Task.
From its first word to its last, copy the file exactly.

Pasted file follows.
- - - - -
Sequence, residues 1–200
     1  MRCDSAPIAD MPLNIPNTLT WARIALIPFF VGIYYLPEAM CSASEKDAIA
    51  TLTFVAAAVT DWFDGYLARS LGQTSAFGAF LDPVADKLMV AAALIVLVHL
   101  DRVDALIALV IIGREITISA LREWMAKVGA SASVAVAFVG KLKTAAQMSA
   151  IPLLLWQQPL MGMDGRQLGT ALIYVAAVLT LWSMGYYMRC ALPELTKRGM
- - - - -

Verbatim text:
Sequence, residues 1–200
     1  MRCDSAPIAD MPLNIPNTLT WARIALIPFF VGIYYLPEAM CSASEKDAIA
    51  TLTFVAAAVT DWFDGYLARS LGQTSAFGAF LDPVADKLMV AAALIVLVHL
   101  DRVDALIALV IIGREITISA LREWMAKVGA SASVAVAFVG KLKTAAQMSA
   151  IPLLLWQQPL MGMDGRQLGT ALIYVAAVLT LWSMGYYMRC ALPELTKRGM